purposes of discussion.
The coach not only nurtures the community, but also uses it to stimulate new ideas and problem solving across teams, groups, and organizations. In this venue, the coach can gently steer discussion and inject very sophisticated thinking without being directive or dismissive of others. Having such communities can spark new efforts in innovation and productivity boosts long after the start of the Agile transition.
4. Modeling Agile Behaviors
The most critical thing an Agile coach can do within the organization is to continually model the behaviors he or she is trying to develop. Some of these behaviors include facilitation, constructive conflict navigation, failing fast and making the failures and other learning opportunities highly and continuously visible. See Davies and Sedky’s book on Agile coaching and Tabaka’s book on collaboration for details. In Adkins’ book on coaching Agile teams (see Further Reading), she lists many of these same behaviors for the Agile coach, one of which is “your favorite goes here” -- reflecting that the coach must always be adapting to the situation at hand within the organization. Modeling such continuous improvement behaviors is key for an Agile coach.
Part III – Creating Your Internal Coach
5. What To Look For in an Agile Coach
As the Agile Manifesto declared better ways of working, we propose a potential set of values to seek out in an Agile Coach:
- Engaging over telling
Just as Agile philosophy values interactions between people, so will a good Agile coach make use of interactive teaching techniques by briefly discussing new concepts and then engaging students in discussions, activities, and experiments that encourage people to participate in their own learning. This skill can range from an untutored individual style to years of perfecting professional training skills.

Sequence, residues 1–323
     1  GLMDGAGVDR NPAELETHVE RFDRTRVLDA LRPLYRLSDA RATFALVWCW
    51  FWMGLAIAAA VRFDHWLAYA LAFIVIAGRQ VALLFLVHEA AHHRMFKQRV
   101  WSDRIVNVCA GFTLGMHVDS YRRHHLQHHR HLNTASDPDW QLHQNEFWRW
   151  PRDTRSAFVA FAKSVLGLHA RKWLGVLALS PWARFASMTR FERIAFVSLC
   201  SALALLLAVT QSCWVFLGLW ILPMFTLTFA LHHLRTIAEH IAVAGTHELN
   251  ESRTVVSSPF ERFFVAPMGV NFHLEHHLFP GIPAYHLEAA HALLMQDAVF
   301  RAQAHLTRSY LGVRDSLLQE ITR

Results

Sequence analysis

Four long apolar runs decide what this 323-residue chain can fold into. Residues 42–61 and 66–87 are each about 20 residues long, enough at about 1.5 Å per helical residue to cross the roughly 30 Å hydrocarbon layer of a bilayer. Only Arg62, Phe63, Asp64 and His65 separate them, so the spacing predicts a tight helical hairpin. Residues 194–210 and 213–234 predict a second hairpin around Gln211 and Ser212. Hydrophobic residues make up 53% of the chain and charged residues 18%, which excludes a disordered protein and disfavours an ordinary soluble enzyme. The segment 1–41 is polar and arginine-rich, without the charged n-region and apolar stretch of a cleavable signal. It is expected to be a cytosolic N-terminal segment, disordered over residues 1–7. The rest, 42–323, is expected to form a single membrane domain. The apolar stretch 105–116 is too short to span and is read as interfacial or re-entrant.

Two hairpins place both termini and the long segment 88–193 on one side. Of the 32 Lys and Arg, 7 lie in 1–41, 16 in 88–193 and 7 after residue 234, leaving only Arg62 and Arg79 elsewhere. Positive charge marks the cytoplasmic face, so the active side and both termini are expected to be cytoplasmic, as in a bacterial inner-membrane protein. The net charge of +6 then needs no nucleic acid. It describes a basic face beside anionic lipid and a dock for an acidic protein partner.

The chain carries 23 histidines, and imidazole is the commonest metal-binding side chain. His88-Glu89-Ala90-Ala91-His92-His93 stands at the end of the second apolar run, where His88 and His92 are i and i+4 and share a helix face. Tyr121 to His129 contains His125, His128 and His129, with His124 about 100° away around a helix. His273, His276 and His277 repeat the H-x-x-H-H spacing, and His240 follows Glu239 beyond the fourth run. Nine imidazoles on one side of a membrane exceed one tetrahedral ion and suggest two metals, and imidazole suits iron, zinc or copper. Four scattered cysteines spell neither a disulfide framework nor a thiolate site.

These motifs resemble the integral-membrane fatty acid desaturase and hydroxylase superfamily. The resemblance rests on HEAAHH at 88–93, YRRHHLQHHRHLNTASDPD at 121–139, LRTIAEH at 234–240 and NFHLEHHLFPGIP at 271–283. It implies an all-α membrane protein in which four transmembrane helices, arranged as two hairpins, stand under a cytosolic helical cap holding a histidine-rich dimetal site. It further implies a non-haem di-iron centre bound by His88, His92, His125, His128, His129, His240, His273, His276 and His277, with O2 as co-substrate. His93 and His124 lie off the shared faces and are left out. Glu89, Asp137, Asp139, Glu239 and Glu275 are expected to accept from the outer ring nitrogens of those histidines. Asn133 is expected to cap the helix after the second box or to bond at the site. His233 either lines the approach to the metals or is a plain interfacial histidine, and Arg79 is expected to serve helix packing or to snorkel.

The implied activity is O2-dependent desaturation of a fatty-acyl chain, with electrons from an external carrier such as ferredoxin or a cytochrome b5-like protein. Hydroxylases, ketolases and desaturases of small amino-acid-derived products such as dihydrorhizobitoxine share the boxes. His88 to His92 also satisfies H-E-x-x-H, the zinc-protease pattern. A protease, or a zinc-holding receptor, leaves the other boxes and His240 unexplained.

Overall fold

- Investigative style of observation (and Socratic questioning) over interrogation
While the Agile coach may have greater knowledge of Agile practices than anyone in the organization, they should have the wisdom to realize that they may not always have the right answer. Therefore, an Agile coach will not ask questions such as “Why are you not doing pair programming?” but instead allow teams to discover and decide their best solution. To accomplish this, the coach may ask things such as “What problems are you having with quality? What do you see working or not working with current practices? Is there an alternative practice we could try that may accomplish better results? Have we considered pair programming?” Such a line of questioning allows the team to select practices that work best for their environment rather than have some new Agile practice forced upon them.
- Facilitation over directive leadership
An Agile coach will ensure that all voices are heard rather than dictating an agenda. While achieving this balanced input through facilitation, the Agile coach will also help the team reach consensus on decisions rather than make a decision for the team. The coach should be capable of providing this facilitation to any level of the organization from delivery teams up through executive management so that they all can realize the benefit of collaborative self-management.
- Community-oriented over hierarchical structures
An Agile coach sees the organization as an ecosystem and realizes that one small change in a practice or a role can ripple through the organization in unpredictable ways. So each change is treated as an experiment that runs through enough plan-do-check-act cycles to determine if the change is effective or detrimental for the team and the organization. This is a very different view from traditional organizational structures where we try to compartmentalize work and people in hierarchies or matrices. People